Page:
Cinema Politica tackles issues of homelessness
The final instalment of the Cinema Politica series featured Carts of Darkness, a documentary that exposes the realities of homelessness in Vancouver and also explores the new extreme sport of downhill shopping cart racing that has been quickly gaining popularity.
Originally based out of Montreal, Cinema Politica is an organization dedicated to the screening of films with a political component. The KW chapter is co-ordinated by professors Tanya Richardson and Derek Hall of the anthropology and political science department respectively.
“The main thing that [Carts of Darkness] does is that it humanizes a situation that is so often dehumanized,” Hall explained.
“It really gives you the opportunity to see how homeless people live, to get a sense of their views on their situation and deepen your knowledge of the issue in that way rather than through statistics and policy papers.”
The documentary represents a revisit to the style undertaken by the first film in the Cinema Politica series, Please Vote for Me, a film experimenting with democracy in a Chinese primary school class.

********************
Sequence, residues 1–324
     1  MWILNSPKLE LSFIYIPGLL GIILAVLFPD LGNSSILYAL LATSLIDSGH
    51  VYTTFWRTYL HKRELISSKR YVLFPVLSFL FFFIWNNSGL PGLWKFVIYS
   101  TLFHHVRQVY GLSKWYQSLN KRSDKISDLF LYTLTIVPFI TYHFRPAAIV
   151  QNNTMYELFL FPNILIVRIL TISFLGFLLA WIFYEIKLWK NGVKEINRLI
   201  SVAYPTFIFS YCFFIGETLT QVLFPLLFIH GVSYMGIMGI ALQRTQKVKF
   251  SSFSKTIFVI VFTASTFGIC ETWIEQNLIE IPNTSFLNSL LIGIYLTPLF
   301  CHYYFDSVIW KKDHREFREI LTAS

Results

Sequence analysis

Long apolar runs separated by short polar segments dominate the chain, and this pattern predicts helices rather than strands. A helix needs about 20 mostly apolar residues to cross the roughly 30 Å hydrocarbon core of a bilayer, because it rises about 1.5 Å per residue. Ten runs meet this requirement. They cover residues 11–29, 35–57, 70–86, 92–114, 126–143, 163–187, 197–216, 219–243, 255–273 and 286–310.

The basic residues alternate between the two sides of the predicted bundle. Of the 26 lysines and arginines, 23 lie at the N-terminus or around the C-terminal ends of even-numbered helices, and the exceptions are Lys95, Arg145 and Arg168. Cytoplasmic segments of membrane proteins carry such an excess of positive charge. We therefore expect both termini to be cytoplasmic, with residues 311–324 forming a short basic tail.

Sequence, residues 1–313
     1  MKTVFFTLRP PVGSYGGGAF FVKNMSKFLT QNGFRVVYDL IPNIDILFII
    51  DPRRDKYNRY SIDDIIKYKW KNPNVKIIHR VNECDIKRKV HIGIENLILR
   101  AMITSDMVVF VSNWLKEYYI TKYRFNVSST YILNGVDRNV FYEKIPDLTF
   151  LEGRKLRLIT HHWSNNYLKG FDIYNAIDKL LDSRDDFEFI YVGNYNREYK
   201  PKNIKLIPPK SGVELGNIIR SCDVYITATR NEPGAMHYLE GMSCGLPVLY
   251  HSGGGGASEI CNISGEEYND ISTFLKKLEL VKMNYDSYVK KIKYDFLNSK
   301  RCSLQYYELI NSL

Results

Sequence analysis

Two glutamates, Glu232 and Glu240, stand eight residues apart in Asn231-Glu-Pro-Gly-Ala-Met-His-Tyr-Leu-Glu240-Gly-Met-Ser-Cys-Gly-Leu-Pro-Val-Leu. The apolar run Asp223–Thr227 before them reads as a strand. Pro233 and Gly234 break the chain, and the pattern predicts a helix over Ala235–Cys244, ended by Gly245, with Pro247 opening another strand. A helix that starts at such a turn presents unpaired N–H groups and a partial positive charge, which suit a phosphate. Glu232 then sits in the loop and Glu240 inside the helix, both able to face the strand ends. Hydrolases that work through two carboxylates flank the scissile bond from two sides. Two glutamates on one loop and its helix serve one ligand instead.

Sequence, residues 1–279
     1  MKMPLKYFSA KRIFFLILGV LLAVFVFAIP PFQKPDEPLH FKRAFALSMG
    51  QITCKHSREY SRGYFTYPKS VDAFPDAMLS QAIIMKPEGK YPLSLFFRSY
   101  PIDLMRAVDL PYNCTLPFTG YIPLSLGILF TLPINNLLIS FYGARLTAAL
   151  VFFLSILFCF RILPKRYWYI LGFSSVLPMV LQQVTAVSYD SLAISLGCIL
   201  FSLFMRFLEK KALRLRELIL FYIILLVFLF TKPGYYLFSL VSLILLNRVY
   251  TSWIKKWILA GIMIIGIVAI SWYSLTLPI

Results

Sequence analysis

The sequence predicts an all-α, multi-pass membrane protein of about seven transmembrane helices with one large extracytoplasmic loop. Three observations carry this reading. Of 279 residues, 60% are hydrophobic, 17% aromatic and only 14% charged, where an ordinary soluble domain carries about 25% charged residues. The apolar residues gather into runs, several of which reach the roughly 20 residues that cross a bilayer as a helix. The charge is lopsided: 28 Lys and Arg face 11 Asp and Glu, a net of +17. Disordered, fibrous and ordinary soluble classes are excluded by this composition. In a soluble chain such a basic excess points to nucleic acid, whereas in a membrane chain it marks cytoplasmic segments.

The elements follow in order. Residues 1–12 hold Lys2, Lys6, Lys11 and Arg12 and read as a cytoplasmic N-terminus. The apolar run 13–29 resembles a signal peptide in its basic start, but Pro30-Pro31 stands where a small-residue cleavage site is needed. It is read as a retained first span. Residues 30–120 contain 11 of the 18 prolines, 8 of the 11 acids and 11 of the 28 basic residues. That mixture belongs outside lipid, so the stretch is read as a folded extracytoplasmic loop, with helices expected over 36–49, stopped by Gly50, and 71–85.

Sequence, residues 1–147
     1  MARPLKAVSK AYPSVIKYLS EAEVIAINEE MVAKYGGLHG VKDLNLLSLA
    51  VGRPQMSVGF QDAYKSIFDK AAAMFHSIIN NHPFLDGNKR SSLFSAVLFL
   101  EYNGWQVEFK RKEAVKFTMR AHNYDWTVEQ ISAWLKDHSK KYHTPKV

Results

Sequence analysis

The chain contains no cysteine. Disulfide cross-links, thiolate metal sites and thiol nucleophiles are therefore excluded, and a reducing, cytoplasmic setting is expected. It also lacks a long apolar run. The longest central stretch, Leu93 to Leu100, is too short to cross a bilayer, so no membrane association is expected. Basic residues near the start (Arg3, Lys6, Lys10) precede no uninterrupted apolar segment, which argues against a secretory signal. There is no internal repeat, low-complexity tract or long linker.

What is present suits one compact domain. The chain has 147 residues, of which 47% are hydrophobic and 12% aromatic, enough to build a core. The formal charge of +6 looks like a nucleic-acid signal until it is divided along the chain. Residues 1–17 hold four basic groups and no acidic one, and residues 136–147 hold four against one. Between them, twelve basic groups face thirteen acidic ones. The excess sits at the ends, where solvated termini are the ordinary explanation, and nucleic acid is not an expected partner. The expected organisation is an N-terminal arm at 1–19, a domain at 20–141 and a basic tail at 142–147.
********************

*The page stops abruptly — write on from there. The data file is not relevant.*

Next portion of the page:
As with Please Vote for Me, Carts of Darkness’s director integrated himself into the lives of the film’s subjects.
“We are interested in movies that take an ethnographic approach — that are based not so much on experts, talking heads and interviews but based on spending long periods of time with the people and really getting to know their lives in a deeper sense,” Hall added.
Carts of Darkness arrives at a time when awareness for homeless individuals is at its height.
The Wilfrid Laurier School of Business and Economics launched its annual charity event, Five Days for the Homeless, this past Sunday in the Quad. “We were certainly happy that [the film] coincided with the campaign,” Hall said.
The Cinema Politica series has shown six documentaries thus far. Highlights include H2Oil, a film exposing the adverse effects of mining the Albertan tar sands and Exit through the Giftshop, an alleged “prankumentary” featuring the elusive graffiti artist Banksy.
While the series has ended for this school year, Cinema Politica has enjoyed a strong following from the outset last September. “We’re really happy with the interest that there’s been this year,” Hall added.
“With the number of people that have come out so far we definitely think there’s a place for Cinema Politica in Kitchener-Waterloo and here at Laurier, so I think it would be great to have it keep going next year,” he concluded.